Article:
People with Attention deficit hyperactivity disorder (ADHD) and dependency can find relief when ADHD drug are administered in higher doses, according to a randomized study from Karolinska Institutet in Sweden.
Attention deficit hyperactivity disorder is commonly found in people who make use of drugs than in the population at large. This health complication can be treated with methylphenidate, a CNS stimulant used for both children and adults. Researchers, in this study, evaluated the effect of the drug on prison inmates with ADHD and an amphetamine dependency, using doses up to double those administered in previous studies on people with dependency. It was found that the experimental group had fewer relapses into drug use, displayed fewer ADHD symptoms and adhered to their treatment regimens for longer than the placebo group.
“We’ve shown for the first time that ADHD in these people is treatable,” says lead-author Dr Maija Konstenius at the Department of Clinical Neuroscience. “Moreover, the treatment led to fewer relapses in drug use, which is a very significant finding since a return to crime is often linked to drug abuse in this group.”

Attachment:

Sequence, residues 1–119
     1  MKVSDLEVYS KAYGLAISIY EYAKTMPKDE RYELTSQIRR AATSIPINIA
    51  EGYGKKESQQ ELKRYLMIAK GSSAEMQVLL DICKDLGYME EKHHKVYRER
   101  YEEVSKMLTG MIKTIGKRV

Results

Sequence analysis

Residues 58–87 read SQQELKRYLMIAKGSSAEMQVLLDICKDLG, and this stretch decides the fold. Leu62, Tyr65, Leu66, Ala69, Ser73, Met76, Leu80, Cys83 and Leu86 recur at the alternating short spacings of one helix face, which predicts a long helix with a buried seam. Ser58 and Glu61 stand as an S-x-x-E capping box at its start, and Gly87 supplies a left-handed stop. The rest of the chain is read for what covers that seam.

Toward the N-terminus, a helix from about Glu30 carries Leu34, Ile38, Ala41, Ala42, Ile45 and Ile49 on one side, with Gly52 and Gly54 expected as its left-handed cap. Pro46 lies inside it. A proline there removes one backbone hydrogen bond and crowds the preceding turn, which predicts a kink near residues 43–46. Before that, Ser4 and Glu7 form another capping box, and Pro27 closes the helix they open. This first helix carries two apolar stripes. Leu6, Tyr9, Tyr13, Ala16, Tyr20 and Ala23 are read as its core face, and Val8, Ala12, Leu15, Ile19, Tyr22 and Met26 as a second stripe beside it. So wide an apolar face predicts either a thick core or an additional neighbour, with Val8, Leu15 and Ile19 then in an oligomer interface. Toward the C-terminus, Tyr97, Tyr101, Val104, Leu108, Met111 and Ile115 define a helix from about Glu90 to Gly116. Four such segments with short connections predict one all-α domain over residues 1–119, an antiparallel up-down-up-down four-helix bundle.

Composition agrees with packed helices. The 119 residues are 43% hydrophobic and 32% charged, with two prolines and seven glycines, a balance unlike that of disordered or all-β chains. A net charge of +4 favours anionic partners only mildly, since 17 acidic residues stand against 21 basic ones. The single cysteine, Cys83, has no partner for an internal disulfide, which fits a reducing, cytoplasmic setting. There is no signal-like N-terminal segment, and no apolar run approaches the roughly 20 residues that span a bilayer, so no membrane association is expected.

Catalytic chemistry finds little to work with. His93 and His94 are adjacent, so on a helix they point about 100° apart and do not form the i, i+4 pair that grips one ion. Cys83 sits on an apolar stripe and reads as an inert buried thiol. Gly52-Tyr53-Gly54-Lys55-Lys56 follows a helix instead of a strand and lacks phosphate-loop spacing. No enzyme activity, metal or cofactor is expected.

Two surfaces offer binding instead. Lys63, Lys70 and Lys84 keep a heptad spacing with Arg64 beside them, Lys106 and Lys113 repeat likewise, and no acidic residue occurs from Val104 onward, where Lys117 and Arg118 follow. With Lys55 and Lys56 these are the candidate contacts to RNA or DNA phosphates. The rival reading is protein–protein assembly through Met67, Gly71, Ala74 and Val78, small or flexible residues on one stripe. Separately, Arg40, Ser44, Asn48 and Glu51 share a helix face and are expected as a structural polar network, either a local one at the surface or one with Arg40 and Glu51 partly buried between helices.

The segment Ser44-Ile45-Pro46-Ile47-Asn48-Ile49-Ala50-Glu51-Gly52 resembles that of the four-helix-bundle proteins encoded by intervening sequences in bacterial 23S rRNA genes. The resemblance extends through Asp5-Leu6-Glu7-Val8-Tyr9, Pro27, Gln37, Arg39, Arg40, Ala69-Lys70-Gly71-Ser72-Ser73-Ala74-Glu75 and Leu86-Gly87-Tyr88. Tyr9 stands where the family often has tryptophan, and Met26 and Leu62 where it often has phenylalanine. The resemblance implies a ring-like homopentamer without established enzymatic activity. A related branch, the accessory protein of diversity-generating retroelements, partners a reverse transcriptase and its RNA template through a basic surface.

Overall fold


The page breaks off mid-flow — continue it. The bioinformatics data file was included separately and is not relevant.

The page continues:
The study was conducted in partnership with the Stockholm County Council and the Swedish Prison and Probation Service and was financed by grants from the Swedish Research Council and other bodies.
The results of the study are published in the scientific journal Addiction.
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